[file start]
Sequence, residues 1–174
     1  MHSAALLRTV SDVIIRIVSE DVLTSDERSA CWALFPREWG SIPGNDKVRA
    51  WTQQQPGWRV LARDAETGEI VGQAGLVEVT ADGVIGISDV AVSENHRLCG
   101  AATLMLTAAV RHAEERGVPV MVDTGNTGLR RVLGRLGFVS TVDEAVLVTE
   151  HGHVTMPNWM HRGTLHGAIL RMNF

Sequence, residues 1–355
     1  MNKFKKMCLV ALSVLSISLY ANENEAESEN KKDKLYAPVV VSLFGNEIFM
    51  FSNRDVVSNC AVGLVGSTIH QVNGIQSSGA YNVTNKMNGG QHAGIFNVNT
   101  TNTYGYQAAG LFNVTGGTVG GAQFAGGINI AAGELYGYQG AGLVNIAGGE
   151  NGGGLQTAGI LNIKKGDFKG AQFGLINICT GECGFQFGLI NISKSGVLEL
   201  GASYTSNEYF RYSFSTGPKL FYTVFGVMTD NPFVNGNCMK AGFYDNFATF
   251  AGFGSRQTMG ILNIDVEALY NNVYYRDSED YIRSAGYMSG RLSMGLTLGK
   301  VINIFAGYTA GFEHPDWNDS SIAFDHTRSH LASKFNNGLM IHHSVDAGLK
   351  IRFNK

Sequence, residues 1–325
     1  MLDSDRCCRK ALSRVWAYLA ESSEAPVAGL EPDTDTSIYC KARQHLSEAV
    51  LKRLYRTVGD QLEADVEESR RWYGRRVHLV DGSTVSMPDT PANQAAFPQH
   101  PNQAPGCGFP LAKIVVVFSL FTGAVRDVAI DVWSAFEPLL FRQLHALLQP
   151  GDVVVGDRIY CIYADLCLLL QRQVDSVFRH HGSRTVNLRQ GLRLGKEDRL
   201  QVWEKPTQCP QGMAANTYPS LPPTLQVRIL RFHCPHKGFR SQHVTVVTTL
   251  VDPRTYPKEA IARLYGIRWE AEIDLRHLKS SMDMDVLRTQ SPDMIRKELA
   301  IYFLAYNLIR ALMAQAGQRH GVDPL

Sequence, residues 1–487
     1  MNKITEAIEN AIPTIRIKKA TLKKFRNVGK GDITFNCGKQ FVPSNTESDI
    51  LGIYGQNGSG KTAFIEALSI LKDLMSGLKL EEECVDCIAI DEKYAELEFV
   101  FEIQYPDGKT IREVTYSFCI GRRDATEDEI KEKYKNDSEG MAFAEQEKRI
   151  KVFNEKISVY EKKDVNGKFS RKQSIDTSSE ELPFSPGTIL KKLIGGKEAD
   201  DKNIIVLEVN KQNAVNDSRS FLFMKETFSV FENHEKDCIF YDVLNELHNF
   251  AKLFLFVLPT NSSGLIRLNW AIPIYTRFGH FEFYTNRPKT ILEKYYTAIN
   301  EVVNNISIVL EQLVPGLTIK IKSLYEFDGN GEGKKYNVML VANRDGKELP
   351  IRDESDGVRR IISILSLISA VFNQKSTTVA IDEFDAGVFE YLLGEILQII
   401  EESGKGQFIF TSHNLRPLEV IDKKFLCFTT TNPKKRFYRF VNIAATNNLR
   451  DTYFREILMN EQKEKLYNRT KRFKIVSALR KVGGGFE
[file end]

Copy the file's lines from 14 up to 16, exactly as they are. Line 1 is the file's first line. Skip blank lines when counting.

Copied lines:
   351  IRFNK

Sequence, residues 1–325
     1  MLDSDRCCRK ALSRVWAYLA ESSEAPVAGL EPDTDTSIYC KARQHLSEAV